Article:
CFO.com: Persuasion by CFOs Could Spur Faulty Audits
An article on CFO.com highlights new research by the Freeman School’s Kris Hoang on auditor reactions to persuasive tactics. For the study, Hoang and co-author Sanaz Aghazadeh looked at how 85 auditors from large international accounting firms react to persuasive language from clients and pressure to accommodate their wishes.
The professors conclude that client-services pressure – the kind that may occur when a senior audit partner tells auditors that the client will be completing a satisfaction survey at the end of the audit – changes how the auditor interprets a client’s expression of confidence in the numbers. Auditors under such pressure “perceive client confidence as a cue to a persuasion attempt, rather than as an innocuous message,” according to the study.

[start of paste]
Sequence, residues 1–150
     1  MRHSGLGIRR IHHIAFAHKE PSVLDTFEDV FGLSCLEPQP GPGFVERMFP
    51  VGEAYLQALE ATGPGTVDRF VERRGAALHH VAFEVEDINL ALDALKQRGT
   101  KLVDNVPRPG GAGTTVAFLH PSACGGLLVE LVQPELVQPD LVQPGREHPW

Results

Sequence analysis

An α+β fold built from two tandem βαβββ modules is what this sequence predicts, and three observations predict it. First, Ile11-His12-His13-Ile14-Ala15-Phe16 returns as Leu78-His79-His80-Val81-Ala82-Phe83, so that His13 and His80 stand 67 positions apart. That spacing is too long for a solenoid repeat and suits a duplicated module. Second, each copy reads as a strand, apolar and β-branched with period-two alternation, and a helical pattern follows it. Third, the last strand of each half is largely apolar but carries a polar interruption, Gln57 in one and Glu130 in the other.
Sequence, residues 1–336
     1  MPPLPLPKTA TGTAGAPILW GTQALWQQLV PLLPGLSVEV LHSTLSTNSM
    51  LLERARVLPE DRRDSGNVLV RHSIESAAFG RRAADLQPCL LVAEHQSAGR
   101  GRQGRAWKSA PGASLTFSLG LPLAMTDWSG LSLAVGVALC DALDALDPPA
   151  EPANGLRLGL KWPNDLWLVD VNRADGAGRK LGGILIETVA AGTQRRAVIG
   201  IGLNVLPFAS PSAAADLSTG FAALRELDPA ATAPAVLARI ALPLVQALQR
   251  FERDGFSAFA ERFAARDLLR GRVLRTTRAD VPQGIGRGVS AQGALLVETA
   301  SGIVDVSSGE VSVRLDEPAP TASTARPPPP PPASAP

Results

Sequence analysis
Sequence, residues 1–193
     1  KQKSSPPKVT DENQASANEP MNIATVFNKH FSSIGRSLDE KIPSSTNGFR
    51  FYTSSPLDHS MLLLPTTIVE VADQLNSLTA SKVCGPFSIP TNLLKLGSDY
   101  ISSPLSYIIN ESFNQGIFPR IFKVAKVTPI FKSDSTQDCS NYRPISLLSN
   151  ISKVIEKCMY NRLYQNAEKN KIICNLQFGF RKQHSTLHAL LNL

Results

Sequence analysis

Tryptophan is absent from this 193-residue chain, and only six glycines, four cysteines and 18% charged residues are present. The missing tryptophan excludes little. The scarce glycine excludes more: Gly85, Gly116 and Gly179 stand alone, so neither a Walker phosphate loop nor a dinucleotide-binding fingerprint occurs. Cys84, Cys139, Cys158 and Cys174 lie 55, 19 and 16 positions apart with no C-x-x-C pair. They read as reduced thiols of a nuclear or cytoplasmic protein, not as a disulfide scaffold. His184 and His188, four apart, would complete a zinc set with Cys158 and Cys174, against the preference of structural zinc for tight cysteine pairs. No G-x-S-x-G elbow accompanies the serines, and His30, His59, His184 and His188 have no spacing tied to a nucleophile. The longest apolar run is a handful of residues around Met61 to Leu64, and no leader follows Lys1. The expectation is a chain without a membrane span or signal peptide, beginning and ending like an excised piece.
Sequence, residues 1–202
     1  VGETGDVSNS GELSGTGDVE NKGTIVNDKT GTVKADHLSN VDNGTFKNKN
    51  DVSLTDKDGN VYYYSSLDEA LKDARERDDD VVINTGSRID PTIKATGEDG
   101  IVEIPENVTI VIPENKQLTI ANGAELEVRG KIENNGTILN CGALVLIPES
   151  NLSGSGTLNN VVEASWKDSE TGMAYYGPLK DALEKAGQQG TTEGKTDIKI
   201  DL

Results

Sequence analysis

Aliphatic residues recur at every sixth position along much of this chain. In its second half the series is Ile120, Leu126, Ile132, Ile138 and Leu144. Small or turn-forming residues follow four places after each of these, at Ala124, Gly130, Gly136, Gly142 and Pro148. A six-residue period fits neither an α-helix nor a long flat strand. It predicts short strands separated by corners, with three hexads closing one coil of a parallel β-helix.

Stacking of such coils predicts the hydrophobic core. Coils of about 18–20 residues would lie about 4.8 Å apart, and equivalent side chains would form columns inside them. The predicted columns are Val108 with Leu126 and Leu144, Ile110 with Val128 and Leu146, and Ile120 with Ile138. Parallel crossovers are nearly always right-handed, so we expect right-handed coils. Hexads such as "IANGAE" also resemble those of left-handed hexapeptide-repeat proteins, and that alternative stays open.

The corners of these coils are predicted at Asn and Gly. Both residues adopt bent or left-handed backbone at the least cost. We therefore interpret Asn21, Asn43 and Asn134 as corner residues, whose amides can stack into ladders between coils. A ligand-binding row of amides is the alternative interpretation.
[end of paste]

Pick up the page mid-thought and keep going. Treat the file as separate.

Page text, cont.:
But such skepticism about the client’s motives doesn’t spur auditors to fact-check the corporation’s numbers by consulting its vendors or customers. Auditors “only seek more powerful evidence when they encounter persuasive language under weaker client service pressure,” the researchers find.
“Thus, even though stronger client service pressure sensitizes auditors to persuasion, it simultaneously deters auditors from pursuing evidence from a more objective source,” they add.
To read the article in its entirety, visit CFO.com: